Engineering the Flow of Light Using Photonic Crystals

July 25, 2019

In 1980, Eli Yablonovitch from Bell Communication Research pondered how to reduce losses in semiconductor lasers in a specific frequency range. He sliced periodic circular holes in a transparent medium and observed that it didn’t allow the frequency range causing the losses to pass through. Yablonovitch found that these structures work similarly to semiconductors with conduction and valence bands and named them photonic crystals (with Sajeev John from Princeton University). Let’s discuss three examples in which photonic crystals control light.

Bending Light with a Photonic Crystal

When GaAs pillars are arranged in a periodic manner, as shown in the figure below, the device has the ability to bend light with an angle (90° in this case) and also act as a filter for a band of frequencies (also called a photonic band gap).

A schematic of a photonic crystal.
Schematic of a photonic crystal.

To model this photonic crystal in the COMSOL Multiphysics® software and add-on Wave Optics Module, the transverse electric (TE) wave (polarized in the z direction) is made to propagate through the left boundary using the Scattering boundary condition and an amplitude of 1 V/m. The rest of the boundaries are assigned Scattering boundary conditions with no incident fields. When we run the model with a sweep of different wavelengths for the incident light source, we get a graph of the transmittance and reflections, as shown below.

A plot of the normalized transmittance for a photonic crystal model.
Normalized transmittance of the photonic crystal.

 

 

Left: Passband at a 1000-nm wavelength. Right: Stopband at a 700-nm wavelength.

Modeling a Photonic Crystal Fiber

A step-index fiber guides light through the high refractive index of the core, while a photonic crystal fiber (PCF) is made up of microstructured optical fibers that guide light either through index guiding or band gap confinement. In this blog post, we focus on index-guided PCF, where the core of the PCF is made of cladding material and is surrounded by air-filled holes. We assume the air hole’s radius as 0.3*pitch, where the pitch is the distance between adjacent holes.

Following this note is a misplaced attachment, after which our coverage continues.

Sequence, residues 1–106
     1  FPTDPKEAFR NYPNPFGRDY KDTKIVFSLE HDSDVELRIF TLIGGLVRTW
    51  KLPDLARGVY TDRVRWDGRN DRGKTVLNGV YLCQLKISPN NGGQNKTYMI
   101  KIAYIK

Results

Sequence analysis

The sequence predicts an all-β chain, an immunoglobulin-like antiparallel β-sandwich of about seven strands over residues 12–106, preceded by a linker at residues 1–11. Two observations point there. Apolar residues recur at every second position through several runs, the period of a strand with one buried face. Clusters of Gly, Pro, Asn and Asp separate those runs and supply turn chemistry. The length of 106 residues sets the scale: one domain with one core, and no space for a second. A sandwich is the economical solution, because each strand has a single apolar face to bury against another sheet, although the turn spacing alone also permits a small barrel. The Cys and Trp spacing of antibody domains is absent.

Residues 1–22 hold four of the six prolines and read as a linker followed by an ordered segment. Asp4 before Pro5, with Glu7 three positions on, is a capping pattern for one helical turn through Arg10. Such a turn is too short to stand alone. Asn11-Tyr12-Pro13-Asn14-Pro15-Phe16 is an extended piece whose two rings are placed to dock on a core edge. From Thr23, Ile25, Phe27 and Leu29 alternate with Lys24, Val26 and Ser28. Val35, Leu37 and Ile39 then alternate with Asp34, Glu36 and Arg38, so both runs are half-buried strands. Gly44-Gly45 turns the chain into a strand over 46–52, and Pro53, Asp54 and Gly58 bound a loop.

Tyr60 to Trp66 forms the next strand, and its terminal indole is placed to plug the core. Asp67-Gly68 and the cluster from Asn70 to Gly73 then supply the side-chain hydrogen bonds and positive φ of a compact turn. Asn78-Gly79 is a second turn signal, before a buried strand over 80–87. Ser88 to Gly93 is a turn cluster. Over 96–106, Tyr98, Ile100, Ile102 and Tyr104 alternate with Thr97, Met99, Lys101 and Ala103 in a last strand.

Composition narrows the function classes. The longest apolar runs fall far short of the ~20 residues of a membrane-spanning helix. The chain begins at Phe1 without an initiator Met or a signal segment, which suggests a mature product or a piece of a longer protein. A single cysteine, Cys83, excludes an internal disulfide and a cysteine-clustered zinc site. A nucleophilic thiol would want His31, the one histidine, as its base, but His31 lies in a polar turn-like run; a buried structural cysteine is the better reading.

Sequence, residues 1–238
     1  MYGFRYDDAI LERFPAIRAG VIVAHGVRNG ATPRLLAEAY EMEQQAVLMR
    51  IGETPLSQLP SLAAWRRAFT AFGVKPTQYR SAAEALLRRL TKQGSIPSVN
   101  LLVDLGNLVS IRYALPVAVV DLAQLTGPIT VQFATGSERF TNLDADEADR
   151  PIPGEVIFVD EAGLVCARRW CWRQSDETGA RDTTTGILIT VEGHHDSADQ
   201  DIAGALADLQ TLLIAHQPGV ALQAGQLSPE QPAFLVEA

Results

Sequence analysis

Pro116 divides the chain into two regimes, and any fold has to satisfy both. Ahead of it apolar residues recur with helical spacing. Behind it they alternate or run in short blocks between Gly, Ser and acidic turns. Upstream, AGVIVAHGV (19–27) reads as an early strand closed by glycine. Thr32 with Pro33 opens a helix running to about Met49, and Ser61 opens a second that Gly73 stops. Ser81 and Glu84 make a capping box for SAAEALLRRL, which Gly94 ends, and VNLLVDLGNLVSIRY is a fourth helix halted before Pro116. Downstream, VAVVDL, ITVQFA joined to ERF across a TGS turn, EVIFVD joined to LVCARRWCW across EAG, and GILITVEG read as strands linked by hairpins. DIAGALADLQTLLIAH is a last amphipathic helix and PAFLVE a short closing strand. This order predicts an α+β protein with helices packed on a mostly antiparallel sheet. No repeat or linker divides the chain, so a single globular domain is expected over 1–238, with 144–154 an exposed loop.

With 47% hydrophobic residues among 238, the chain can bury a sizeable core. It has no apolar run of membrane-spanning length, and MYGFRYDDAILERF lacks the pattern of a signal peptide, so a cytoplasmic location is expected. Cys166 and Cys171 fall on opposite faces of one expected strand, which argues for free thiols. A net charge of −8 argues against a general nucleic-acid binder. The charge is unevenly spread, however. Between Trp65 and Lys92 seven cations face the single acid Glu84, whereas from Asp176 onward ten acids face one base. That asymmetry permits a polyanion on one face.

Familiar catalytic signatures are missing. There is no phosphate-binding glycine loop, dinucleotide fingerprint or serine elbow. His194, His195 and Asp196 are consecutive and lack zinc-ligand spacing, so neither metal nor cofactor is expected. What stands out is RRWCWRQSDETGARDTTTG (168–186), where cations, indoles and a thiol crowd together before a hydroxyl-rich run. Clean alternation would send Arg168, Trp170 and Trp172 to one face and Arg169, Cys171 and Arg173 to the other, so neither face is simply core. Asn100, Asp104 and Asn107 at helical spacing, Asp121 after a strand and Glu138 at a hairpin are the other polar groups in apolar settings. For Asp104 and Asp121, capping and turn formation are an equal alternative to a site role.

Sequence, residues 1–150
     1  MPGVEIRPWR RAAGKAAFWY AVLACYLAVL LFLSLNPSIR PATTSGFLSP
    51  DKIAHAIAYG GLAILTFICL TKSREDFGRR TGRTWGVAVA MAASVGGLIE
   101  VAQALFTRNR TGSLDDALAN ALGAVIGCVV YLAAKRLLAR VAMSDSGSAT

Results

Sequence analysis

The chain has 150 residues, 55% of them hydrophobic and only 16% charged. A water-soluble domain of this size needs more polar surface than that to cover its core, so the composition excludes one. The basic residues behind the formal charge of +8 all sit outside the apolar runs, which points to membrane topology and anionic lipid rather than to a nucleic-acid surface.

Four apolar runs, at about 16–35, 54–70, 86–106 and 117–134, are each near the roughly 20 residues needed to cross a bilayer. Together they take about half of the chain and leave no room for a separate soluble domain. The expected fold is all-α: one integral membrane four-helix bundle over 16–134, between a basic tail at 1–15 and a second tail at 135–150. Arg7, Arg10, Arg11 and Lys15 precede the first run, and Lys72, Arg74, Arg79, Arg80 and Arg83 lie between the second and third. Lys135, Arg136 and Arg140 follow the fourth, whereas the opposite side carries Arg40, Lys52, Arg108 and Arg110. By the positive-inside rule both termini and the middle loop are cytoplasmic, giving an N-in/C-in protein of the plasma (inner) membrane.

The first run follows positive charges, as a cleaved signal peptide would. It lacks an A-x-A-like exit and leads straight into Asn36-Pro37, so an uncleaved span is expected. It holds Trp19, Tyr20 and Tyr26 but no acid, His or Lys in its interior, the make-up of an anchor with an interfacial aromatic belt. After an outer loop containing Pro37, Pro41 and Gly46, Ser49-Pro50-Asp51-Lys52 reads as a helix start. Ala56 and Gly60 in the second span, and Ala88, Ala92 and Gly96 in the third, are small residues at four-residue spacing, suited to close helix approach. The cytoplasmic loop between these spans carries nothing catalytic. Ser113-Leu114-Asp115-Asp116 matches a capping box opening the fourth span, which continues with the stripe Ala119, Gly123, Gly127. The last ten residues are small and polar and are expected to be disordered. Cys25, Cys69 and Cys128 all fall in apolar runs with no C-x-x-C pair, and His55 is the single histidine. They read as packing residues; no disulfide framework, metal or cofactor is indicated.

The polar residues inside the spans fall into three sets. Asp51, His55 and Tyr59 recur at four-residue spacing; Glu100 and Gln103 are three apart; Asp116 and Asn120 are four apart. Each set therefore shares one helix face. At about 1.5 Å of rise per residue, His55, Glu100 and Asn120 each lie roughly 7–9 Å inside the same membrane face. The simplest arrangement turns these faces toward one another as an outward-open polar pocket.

A schematic of an index-guided photonic crystal.
Schematic of index-guided photonic crystal.

To plot the dispersion diagram (the effective refractive index vs. the normalized wavelength), we perform a mode analysis along with a parametric sweep over the hole radius from 0.23 um to 4.69 um. To detect the fundamental and higher-order modes, the number of modes to search is increased to 50. The challenge then becomes correctly identifying the fundamental and higher-order modes from a total of 50 identified modes. One approach to identify these modes is to perform an integration in the core region for different effective mode indices (or effective refractive indices).

A plot comparing the power integrated in the core region and the effective mode index number for a photonic crystal fiber.
Power integrated in the core region vs. the effective mode index number for a 4.65-um hole radius and 15.5-um pitch.

There are two approaches to filter out unnecessary modes and capture only the meaningful fundamental and higher-order modes: